Tuesday, November 17, 2009

Mea Culpa re Obama in China

In my prior post about Obama's speech and q-and-a with students in Shanghai, my usual intoxication with the intricate structure of Obama's speechmaking blinded me to the broader context in which he allowed the speech to take place -- with no broadcast to the Chinese people as a whole. To a degree Obama seems to have hit the mute button on human rights in China, failing either to raise the issues or gain the exposure that Bush and Clinton did before him. The FT's Edward Luce and Geoff Dyer portray a two-track muting:

In contrast to the last two US presidential visits to China - George W. Bush in 2002 and Bill Clinton in 1998, both of whose words were broadcast live and widely to the Chinese public - Mr Obama's 60-minute question-and-answer session in Shanghai was heavily restricted.

Only the citizens of Shanghai were able to watch it live on local broadcasts. Elsewhere, Chinese citizens were theoretically able to view the event on the White House website , although many reported huge difficulties in accessing either images or sound via the site.

The irony was hard to miss. In spite of weeks of pressure from US officials to open the event to the public the Chinese held their ground. Yet in contrast to his two most recent predecessors, who criticised China for detaining dissidents and suppressing freedom of religion in Tibet, Mr Obama studiously avoided giving his hosts any explicit cause for offence.

Furthermore, Mr Obama's dextrous attempts to avoid provoking the Chinese were heavily censored. Phoenix television, a Hong Kong-based channel with broadcasts on the mainland, carried the first few minutes of Mr Obama's speech at the start of the meeting but cut to another item before he made a relatively generic pitch for universal values.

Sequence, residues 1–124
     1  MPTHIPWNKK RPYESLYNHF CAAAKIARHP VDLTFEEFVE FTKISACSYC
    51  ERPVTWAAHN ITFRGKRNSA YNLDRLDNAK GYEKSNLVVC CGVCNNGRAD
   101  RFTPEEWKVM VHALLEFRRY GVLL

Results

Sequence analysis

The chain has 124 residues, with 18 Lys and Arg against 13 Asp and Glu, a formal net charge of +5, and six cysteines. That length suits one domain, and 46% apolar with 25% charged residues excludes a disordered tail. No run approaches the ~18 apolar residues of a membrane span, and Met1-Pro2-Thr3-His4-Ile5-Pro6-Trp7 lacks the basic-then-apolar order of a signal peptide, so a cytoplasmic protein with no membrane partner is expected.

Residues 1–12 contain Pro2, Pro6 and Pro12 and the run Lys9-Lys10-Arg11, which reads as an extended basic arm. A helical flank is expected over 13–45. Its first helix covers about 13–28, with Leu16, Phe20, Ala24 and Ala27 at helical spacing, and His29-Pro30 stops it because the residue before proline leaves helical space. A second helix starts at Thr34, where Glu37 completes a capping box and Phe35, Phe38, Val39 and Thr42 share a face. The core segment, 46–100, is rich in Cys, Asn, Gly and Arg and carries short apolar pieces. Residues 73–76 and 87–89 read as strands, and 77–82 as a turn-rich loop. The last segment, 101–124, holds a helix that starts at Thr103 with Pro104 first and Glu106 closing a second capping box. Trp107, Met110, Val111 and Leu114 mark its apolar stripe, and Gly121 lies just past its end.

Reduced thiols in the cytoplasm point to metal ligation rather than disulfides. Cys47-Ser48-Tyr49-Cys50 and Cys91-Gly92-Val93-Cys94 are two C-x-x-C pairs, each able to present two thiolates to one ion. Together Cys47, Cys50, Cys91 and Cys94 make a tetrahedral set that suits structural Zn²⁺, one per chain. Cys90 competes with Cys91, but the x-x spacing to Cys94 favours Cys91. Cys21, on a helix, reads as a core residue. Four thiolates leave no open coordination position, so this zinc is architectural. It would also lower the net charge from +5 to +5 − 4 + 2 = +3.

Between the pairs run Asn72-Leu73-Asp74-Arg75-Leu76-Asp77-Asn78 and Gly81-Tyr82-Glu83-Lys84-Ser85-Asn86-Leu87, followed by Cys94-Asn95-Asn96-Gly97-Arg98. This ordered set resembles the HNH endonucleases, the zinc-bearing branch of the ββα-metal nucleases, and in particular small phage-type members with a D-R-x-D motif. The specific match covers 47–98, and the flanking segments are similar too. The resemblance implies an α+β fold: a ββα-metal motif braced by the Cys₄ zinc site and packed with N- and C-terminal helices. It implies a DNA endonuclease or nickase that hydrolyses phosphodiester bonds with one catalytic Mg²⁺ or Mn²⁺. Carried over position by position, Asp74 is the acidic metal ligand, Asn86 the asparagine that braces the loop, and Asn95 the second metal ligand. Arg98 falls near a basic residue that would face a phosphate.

In concert with the (apparently Hillary-driven) flip-flop on stopping Israeli settlement growth, Obama is starting to look like he can be pushed around. I do not believe that that will prove to be the case over time. But Gideon Rachman was right. On the international as well as the national stage, Obama needs to land a punch -- as I expect he will on his own sweet time, with the ground thoroughly laid. Though after the wild flailing of the Bush years, he seems to regard reassurance as the better part of strength. And again, per my prior post, there is a shining, supreme confidence, packing a wallop of its own, in a message such as "we do not seek to contain China's rise."

UPDATE 11/22: James Fallows has choreographed multiple voices to push back powerfully against the dominant media narrative that portrayed Obama's China trip as a failure. The centerpiece, a summary of the state of negotiations on mulitple interviews provided anonymously by a U.S. participant, makes it clear that U.S.-China negotiations are always "water on a stone," that it's too early to judge the effects of this first round, but that the engagement was substantive and constructive. Other informed reports relayed by Fallows indicate that Obama did reach a broad Chinese audience and may have stirred them deeply (as I assumed he would, reading the transcript) in the town hall. I do believe, and never really doubted, that this is true on substance. But as the last voice Fallows has cited in this series so far points out, the Obama team has done a poor job managing perceptions of the trip here in the U.S.

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